First one is to say "You wanna move? Let me help you!" Increase the rate at which they go but HAVE A PURPOSE when doing it....go somewhere, have them do something meaningful, not just go in circles. Circles (having them go forward forward forward) is the worst thing you can allow them to do, that just adds fuel to the fire. You need to use the same amount of energy he is using, and then ADD a little more so you get noticed. This is not done in an aggressive fashion, just very calm and confident.
Second, you could give him the task of standing in a certain spot and if he moves you put him back immediately. Do you use a rope halter? If not I would. Practice sending a nice big coil down your rope so you can "bite" him if he gets rushy....when horses are in this state they need a big "Thanks I needed that!!" moment to snap them out of it. It's very important that when they do tune back into you that you have a PLAN. If not, they will just go right back to freaking out again.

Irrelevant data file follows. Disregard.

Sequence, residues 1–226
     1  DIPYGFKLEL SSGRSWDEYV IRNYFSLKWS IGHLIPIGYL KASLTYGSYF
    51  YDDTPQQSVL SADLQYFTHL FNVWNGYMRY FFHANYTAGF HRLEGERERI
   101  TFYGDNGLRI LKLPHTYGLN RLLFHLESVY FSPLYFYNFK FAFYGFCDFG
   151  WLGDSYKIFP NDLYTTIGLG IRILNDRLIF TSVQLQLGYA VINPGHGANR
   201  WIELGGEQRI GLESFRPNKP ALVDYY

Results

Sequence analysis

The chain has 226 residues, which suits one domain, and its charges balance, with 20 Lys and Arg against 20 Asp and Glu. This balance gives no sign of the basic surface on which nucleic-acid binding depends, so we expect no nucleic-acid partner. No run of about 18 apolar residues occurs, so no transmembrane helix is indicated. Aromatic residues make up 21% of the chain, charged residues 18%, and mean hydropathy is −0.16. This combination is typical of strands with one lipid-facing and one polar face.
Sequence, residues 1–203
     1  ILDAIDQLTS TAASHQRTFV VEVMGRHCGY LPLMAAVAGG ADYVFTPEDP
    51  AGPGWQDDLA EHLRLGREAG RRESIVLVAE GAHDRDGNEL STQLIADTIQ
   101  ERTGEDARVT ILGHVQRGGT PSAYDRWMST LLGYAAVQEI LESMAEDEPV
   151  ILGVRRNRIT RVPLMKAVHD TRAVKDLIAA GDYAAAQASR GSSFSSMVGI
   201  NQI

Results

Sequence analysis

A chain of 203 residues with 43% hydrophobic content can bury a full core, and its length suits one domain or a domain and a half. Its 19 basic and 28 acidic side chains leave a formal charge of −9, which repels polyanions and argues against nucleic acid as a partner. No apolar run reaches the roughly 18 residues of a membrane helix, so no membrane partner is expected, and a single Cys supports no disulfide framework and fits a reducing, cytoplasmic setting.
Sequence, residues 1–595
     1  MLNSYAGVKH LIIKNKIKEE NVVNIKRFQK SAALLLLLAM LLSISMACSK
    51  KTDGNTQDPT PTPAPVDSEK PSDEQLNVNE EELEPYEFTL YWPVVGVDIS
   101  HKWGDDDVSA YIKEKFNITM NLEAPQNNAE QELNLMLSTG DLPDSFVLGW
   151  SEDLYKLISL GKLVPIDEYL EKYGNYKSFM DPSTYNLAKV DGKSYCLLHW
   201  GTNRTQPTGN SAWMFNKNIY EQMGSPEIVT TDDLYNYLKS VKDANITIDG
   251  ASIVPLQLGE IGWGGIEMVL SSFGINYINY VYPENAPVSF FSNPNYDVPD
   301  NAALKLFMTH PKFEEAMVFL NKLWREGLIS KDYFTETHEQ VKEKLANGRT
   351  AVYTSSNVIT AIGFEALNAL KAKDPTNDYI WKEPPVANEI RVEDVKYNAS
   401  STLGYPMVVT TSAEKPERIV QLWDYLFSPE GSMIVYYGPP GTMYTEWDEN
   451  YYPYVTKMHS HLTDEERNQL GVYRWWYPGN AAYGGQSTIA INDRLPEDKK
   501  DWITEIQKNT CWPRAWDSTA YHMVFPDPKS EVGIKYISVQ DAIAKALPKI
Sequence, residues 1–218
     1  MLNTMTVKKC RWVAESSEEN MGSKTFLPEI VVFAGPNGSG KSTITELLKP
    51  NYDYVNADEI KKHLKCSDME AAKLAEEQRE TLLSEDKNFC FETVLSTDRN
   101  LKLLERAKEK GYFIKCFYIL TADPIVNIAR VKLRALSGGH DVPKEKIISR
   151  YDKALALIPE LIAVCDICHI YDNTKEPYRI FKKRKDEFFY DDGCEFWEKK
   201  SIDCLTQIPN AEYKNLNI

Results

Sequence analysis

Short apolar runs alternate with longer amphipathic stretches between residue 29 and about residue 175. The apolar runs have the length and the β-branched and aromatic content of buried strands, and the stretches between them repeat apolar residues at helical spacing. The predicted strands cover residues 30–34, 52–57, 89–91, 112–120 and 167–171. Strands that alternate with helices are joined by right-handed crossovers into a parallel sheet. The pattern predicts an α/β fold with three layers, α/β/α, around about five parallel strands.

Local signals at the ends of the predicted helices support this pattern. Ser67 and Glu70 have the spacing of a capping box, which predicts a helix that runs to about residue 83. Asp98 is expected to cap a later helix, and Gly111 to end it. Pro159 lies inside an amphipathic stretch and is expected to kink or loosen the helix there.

You also need to become more in tune about his thresholds. The SECOND he gets hesitant, slow, tense, etc. stop and allow him to settle. Back him up a couple steps, wait, and if he is relaxed (head low, blinking, relaxed muscles, soft ears, etc) then continue forward.
Thanks for the comments! Spirithorse, he's more introverted than extroverted...he tends to explode more than he does "express himself" at every little thing he does not like. But he's not lazy, movement is what he is good at....when his feet move, he knows whats going on in his world, and when they stop he kind of gets ADHD and needs to pay attention to everything at once. He's one of those that like to work ;)